BRUNSWICK — Jackie Sartoris, the candidate trailing in an incredibly close Democratic primary race for state House District 50, is formally requesting a recount in the election.
According to Tuesday’s results, candidate Ralph Tucker led Sartoris, 441-432, a margin of only nine votes.
Sartoris, in a release Thursday night, said that after considerable thought and discussion with family and supporters, she determined the tiny margin in the election deserved a second look.
“I agree with the Deputy Secretary of State’s assessment that this is the sort of election result for which a recount really makes sense,” Sartoris said.
“While I do not expect a change in the result, certainty is important in the election,” Sartoris said.
She clairified that her recount request was not a criticism of the professional efforts of Brunswick’s town clerks during the election.
The two candidates are vying to replace Charlie Priest to represent an eastern portion of Brunswick at the Statehouse. The winner will face Republican Mark Holbrook in the November general election.
Tucker, in an interview Tuesday night, said he was not making any predictions about the outcome of the race, but expressed confidence that the final tally would remain the same.
“I think that’s likely, especially with machine-counted ballots, trying to move it nine votes might be tough,” he said.
Although Sartoris was ahead by 18 votes at Tuesday’s polls, Tucker narrowly closed the gap with absentee ballots, winning 27 more than Sartoris, who acknowledged her campaign had not used an absentee ballot strategy during the election.
The prolonged race between Tucker and Sartoris has been highly competitive and at times, contentious. Tucker announced his candidacy more than a year ago, and Sartoris advertised her run last October.
Tucker is a retired District Court judge, former State Worker’s Compensation Commissioner and a long-time Democratic party insider.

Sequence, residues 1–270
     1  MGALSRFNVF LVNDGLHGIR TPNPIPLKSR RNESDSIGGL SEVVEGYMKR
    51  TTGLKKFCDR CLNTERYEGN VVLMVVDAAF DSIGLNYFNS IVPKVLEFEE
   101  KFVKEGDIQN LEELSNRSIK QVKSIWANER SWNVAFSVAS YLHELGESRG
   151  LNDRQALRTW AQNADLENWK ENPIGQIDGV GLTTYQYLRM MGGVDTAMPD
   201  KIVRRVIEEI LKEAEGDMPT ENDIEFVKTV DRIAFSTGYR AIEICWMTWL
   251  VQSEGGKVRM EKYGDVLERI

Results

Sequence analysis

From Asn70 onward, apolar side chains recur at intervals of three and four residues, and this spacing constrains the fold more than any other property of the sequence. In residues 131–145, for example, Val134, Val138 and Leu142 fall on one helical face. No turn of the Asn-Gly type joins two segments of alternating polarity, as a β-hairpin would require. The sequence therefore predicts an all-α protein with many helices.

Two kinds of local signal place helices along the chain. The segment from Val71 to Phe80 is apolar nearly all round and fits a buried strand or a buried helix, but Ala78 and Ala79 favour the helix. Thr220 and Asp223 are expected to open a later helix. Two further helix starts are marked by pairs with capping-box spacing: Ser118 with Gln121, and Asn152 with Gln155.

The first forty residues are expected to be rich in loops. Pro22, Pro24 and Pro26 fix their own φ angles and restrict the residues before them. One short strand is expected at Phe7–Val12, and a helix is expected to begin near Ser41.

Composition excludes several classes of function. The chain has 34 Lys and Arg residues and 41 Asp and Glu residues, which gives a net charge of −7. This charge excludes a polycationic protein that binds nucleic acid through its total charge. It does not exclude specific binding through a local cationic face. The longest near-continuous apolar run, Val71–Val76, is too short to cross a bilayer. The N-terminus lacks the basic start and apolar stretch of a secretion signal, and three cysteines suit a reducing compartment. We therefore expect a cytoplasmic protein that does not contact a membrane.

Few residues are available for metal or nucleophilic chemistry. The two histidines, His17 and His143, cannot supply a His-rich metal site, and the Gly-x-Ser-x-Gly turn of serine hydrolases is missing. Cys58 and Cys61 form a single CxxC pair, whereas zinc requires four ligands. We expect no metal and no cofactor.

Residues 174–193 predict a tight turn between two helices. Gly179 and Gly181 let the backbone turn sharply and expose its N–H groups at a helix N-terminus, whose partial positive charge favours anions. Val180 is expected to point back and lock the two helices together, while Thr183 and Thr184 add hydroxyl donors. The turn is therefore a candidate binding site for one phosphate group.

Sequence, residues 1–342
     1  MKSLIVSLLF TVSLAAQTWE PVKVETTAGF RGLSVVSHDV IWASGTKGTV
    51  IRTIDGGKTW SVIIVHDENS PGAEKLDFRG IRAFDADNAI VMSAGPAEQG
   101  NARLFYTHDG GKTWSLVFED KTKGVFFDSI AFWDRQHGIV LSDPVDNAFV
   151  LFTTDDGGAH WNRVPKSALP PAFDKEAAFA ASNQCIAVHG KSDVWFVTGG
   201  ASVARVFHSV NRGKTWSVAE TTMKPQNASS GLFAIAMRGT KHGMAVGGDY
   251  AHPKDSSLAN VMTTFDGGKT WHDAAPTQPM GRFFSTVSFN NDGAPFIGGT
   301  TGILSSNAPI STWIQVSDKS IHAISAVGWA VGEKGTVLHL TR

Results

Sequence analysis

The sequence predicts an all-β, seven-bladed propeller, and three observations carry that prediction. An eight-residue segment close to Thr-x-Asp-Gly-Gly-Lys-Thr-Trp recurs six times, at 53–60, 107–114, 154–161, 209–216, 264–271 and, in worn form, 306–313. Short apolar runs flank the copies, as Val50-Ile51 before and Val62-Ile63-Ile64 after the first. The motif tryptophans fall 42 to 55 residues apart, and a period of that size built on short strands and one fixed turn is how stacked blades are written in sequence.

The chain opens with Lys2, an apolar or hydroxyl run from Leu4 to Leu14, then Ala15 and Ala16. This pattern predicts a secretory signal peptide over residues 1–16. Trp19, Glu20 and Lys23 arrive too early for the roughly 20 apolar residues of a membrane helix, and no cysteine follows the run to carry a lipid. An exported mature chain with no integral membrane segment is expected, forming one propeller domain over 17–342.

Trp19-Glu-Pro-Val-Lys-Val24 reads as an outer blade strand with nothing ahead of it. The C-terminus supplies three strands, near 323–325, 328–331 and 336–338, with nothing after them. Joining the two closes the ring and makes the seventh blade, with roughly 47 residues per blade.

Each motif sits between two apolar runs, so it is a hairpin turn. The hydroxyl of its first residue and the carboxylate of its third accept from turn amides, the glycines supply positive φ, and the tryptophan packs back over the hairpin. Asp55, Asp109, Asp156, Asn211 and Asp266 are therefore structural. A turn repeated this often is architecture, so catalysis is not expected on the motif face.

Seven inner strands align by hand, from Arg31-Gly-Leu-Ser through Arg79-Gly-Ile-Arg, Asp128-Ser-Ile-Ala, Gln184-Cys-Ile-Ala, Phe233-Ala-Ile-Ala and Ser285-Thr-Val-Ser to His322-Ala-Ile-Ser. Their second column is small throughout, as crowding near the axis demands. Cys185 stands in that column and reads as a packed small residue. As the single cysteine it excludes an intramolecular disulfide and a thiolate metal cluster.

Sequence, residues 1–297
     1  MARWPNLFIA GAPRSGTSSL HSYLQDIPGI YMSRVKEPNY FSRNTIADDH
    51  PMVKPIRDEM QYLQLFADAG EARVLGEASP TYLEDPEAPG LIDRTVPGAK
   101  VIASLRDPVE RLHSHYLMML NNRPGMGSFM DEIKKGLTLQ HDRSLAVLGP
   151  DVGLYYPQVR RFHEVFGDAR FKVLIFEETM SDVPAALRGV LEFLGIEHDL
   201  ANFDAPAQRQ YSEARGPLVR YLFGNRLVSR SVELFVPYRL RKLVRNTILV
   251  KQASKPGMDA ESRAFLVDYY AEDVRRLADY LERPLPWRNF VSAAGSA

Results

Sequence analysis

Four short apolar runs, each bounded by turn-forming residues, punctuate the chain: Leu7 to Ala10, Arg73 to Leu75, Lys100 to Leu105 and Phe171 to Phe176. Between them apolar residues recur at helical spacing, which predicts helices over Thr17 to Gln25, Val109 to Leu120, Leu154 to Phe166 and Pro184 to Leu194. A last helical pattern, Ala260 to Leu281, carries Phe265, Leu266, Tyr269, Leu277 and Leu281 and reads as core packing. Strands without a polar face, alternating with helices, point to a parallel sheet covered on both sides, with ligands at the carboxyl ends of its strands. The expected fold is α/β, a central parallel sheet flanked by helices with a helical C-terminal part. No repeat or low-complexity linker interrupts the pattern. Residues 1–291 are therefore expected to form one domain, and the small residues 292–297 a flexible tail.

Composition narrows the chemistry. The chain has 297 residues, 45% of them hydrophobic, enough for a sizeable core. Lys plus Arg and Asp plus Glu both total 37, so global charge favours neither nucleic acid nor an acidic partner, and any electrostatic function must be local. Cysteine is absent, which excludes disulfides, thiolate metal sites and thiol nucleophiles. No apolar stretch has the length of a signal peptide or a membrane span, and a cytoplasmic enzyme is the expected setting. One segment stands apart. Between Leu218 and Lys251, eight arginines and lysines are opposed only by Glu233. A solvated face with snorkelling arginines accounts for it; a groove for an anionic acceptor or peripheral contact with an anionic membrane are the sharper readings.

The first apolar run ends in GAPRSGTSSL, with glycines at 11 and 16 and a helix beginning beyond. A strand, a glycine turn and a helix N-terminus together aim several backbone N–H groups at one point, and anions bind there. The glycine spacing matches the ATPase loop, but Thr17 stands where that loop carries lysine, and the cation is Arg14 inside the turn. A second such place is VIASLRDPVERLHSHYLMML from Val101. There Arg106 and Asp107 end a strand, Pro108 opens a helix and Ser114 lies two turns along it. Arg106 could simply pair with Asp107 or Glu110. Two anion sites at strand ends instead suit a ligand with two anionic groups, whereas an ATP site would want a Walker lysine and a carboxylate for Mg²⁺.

In an interview last month, he identified education as his top priority and said his political connections and experience in state government would make him an effective legislator.
In late May, Tucker received a primary endorsement from the Maine AFL-CIO, a powerful labor union in the state.
Tucker spent heavily on the campaign, eventually expending more than $11,000, including buying radio and TV spots, according to a May 31 campaign finance report filed with the elections commission. About $2,300 of his spending was from in-kind donations.
Sartoris, in comparison, ran a shoestring campaign as a Maine clean-elections candidate. As of her last filing on May 30, Sartoris had only spent a little more than $800 on her campaign.
Now an attorney specializing in elder law, Sartoris worked for years as a policymaker in New York City and Augusta. She was elected to the Brunswick Town Council in 2000 and served four terms.
In an interview last month, she said she wanted to push legislation featuring sustainability in the economy, education and other areas and highlighted her ability to build consensus as a reason she would be an effective legislator.
The primary race has frequently been contentious, with complaints of ethics violations on both sides.
In March, Tucker was accused of violating the town’s zoning ordinance by placing campaign signs on several lawns during the Democratic Party caucus. In an interview last month Tucker said he was surprised the issue raised so much controversy and called the sign ordinance unconstitutional, a position recently echoed by the town’s attorney.
Last month, Sartoris stepped down from the Brunswick Sewer Board of Trustees, claiming that a conflict of interest provision in the Town Council’s appointment policy was being used by the chairman of the town’s Republican Committee to cast her in a negative light during the primary.
The controversy reached a high pitch in the final days of the election, after an email from Sartoris to the head of the Brunswick Democratic Committee in which she sharply criticized the ethics of Tucker’s campaign tactics appeared on a local blog, leading to a debate over ethics on a local radio station on Saturday.